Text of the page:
May 7, 2016 14 Comments
In the 1997 General Election, the UK Conservative Party lost all its Scottish seats, and with the creation of devolved parliament in Edinburgh (where I now live), it seemed that north of the border, the Conservatives were a dead ‘brand’. As recently as 2011 they had only 17 seats in the Scottish Parliament, and with the Scottish nationalists winning an unprecedented second term with a majority of seats (something hard to get under the electoral system here), it seemed that the country was headed toward a one party state and possible independence. Then something happened – or rather someone happened – a 5 foot 3 bundle of energy called Ruth Davidson became leader of the Scottish Conservative Party. She seemed, to put it mildly, an unlikely leader for the Scottish Unionists.
She comes from a working-class background, got to University, went into the media and then, so it seemed, committed career suicide by taking up a career as a Tory politician in the most viscerally anti-Tory part of the UK. Before she became leader there was some doubt as to how Tory voters – and others – would react to the fact that she was both openly gay and a practicing Christian? The short answer was delivered yesterday when the elections saw her win a seat in Edinburgh (I voted for her) and her party become the second largest in the Scottish Parliament. So, what went right?
We often say here that personality matters. Well, Ruth Davidson is a former territorial army officer, she broke her back in her twenties and had to learn to walk again – she’s not really going to be phased by political insults. She’s a bundle of energy, she’s so obviously sincere in her support for the Union that she’s been able to win support from those who are not natural Tory voters but want to save the Union and do not trust the Labour Party (which did dismally here) to do so. Labour, in an attempt to win some nationalist votes, at least sent signals it might be willing to do deals on the subject. No doubt there were those offering the save advice to Ms Davidson, but she rejected that line and went with what she believed.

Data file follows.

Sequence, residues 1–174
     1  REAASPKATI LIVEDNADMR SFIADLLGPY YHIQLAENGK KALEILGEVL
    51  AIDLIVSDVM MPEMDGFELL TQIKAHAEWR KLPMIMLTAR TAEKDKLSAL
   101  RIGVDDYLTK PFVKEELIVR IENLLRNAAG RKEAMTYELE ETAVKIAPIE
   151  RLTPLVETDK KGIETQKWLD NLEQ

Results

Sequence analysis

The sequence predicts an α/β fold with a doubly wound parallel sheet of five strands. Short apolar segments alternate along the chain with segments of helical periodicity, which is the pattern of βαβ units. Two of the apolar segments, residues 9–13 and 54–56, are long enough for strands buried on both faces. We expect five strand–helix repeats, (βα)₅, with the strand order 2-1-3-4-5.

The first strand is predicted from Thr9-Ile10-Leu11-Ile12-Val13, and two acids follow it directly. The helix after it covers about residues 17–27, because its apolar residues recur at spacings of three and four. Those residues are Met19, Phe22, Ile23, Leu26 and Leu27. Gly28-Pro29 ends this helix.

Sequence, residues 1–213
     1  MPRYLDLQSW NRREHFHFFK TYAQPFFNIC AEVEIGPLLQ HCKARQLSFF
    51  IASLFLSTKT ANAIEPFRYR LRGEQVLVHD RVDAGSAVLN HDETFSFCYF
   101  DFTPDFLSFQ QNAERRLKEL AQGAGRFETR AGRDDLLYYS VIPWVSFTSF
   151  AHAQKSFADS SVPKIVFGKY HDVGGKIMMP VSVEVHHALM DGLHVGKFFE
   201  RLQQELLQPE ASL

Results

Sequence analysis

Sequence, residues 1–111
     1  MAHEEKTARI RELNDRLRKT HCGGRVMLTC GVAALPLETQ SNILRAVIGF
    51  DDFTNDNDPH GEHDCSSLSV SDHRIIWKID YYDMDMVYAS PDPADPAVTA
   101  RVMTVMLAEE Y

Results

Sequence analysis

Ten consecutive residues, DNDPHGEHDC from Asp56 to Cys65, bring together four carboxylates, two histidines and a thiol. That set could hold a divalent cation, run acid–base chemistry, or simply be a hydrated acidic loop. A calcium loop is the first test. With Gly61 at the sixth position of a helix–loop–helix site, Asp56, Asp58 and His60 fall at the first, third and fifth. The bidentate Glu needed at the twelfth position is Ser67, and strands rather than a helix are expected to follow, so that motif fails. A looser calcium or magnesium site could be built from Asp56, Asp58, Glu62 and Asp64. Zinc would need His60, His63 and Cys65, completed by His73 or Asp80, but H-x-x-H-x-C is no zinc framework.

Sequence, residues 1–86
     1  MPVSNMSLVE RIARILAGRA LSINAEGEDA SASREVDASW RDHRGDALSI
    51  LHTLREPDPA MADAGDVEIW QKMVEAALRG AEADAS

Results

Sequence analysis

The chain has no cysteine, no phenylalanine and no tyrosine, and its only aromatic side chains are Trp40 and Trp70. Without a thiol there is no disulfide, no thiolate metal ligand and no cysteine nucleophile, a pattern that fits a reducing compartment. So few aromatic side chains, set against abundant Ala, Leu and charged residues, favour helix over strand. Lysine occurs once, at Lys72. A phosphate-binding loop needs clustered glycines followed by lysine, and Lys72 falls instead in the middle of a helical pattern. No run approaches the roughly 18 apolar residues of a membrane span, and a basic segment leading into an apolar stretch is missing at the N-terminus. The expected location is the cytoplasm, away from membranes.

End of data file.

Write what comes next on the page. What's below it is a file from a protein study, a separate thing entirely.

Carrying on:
There’s a lesson here for the Conservatives south of the border. Widely seen as dominated by upper-class public school boys who have no idea how the rest of us live, their candidate for the London Mayoralty, the multi-millionaire Zac Goldsmith, was beaten into a cocked hat by the Muslim son of a Pakistani bus driver, Sadiq Khan, a Labour MP who sounded as though he actually lived in London in the way most ordinary people do. Boris Johnson, another public schoolboy, had the charisma to be able to appeal across the political divide, and who knows, may become Prime Minister when Cameron stands down.
But up here, the dynamism of Ruth Davidson offers another option – a down to earth figure who can appeal to people across the political spectrum and whose obvious sincerity and connectedness to reality makes her a popular figure. Boris might hope she stays here – we certainly do.